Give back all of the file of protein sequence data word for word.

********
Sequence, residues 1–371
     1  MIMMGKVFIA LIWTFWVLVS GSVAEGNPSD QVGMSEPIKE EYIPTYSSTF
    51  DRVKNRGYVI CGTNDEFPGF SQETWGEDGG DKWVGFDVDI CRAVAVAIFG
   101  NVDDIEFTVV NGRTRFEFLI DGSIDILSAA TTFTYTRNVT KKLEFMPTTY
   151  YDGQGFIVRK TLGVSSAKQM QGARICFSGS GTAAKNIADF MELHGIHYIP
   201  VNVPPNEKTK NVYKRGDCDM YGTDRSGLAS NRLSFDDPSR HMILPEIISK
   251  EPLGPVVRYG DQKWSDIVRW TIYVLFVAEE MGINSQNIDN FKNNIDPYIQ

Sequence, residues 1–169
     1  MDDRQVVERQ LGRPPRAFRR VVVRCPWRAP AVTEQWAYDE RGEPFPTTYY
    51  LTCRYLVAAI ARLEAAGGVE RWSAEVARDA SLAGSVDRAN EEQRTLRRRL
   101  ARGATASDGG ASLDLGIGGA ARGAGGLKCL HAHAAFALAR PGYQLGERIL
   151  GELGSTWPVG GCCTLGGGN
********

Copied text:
Sequence, residues 1–371
     1  MIMMGKVFIA LIWTFWVLVS GSVAEGNPSD QVGMSEPIKE EYIPTYSSTF
    51  DRVKNRGYVI CGTNDEFPGF SQETWGEDGG DKWVGFDVDI CRAVAVAIFG
   101  NVDDIEFTVV NGRTRFEFLI DGSIDILSAA TTFTYTRNVT KKLEFMPTTY
   151  YDGQGFIVRK TLGVSSAKQM QGARICFSGS GTAAKNIADF MELHGIHYIP
   201  VNVPPNEKTK NVYKRGDCDM YGTDRSGLAS NRLSFDDPSR HMILPEIISK
   251  EPLGPVVRYG DQKWSDIVRW TIYVLFVAEE MGINSQNIDN FKNNIDPYIQ

Sequence, residues 1–169
     1  MDDRQVVERQ LGRPPRAFRR VVVRCPWRAP AVTEQWAYDE RGEPFPTTYY
    51  LTCRYLVAAI ARLEAAGGVE RWSAEVARDA SLAGSVDRAN EEQRTLRRRL
   101  ARGATASDGG ASLDLGIGGA ARGAGGLKCL HAHAAFALAR PGYQLGERIL
   151  GELGSTWPVG GCCTLGGGN